Importance of High-Res Waveform Monitors in UHD/4K Production
By Alan Wheable FISTC, MITOL, Senior Technical Author, Omnitek.
The humble waveform monitor has always been the tool of choice for anyone working in the video industry. Waveform monitors are used for everything from system design, manufacturing, installation setup, outside broadcast, grading, through to quality control. And that’s only to touch on a few areas.
There has been a significant change in demand since existing HD and 3G-SDI waveform measurement technology was developed. There is now a demand for equipment that can cater for all the possible physical interfaces, myriad video formats, new colour spaces and High Dynamic Range. This is just a few of the challenges facing the industry.
With more and more manufacturers developing 4K products and significant program makers demanding all program content be created at 4K with high dynamic range, there is an increased need for equipment to support new production workflows.
Working with HD and 3G-SDI waveform technology may have been a solution in the early days of UHD/4K to display the waveforms from individual square division feeds, but it does not help if you cannot see the combined image at an appropriate size, resolution and correct colour space, or the waveform monitor doesn’t have the required physical connections.
It can be challenging to ensure the quality of UHD/4K program material if the required tools are not available. The importance of waveform monitor technology in UHD/4K content creation and distribution increases with the need to ensure conversions between link types (for example between QL 3G-SDI, 6G-SDI, 12G-SDI, HDMI and IP), between encoding methods (such as square division and 2 sample interleave), between different bit depth formats and between colour spaces (i.e. BT.709 and BT.2020) are correct before even touching on the complexities introduced by images with high dynamic range.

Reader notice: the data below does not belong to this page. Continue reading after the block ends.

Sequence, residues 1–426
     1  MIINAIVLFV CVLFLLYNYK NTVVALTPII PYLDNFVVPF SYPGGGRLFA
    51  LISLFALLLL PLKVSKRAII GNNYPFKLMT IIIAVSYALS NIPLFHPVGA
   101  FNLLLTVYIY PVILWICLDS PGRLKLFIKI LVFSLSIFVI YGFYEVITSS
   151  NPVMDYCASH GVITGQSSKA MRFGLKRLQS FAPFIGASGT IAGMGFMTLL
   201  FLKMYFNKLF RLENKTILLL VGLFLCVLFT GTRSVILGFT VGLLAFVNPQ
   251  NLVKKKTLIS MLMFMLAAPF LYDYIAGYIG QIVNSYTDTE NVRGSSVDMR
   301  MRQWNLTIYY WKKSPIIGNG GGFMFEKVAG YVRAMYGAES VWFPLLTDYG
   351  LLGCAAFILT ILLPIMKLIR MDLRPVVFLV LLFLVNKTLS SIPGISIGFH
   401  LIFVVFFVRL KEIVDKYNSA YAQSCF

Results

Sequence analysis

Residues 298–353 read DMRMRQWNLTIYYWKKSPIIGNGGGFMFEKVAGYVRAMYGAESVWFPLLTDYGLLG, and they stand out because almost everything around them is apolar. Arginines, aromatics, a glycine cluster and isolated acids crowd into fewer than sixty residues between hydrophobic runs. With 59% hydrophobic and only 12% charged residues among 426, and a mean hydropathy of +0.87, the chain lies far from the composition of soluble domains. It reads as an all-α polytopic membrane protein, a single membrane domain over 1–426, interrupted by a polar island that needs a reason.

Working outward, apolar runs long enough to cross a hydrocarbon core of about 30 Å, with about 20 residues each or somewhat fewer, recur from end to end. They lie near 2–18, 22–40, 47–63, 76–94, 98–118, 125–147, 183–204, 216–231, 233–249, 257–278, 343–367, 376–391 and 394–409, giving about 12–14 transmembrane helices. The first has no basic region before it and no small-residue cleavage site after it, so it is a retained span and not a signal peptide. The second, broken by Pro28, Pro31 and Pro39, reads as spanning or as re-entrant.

Rather than providing confidence that the picture is present at the correct levels, the waveform display must now be expandable to pixel level to observe any digital level issues (e.g. when converting between 8-, 10-, and 12-bit video), image construction issues (e.g. when converting between link types and encoding methods) and colour space issues that may otherwise go unnoticed on T&M equipment with small, low resolution displays.
Ideally the waveform display needs the ability to view the waveform of the composite image as well as the waveforms of individual links to make it easy to identify issues with 2-sample interleave and square division images that may otherwise go unnoticed in an environment using existing HD/3G infrastructure to deliver 4K/UHD material.
Although some T&M equipment may boast 4K/UHD waveforms, these are often low resolution displays, with sub-sampled waveforms, that give a level of comfort and familiarity but will hide any underlying issues.
What is required is waveform monitor technology that has been designed specifically to meet the exacting needs of 4K/UHD environments while supporting all of the different video formats that will be present in the industry for many years to come. It needs to be able to display waveform, CIE gamut charts and vectorscope instruments to pixel level. This is regardless of the physical link over which it is delivered, and needs to be future-proofed to accommodate the emerging needs of the industry.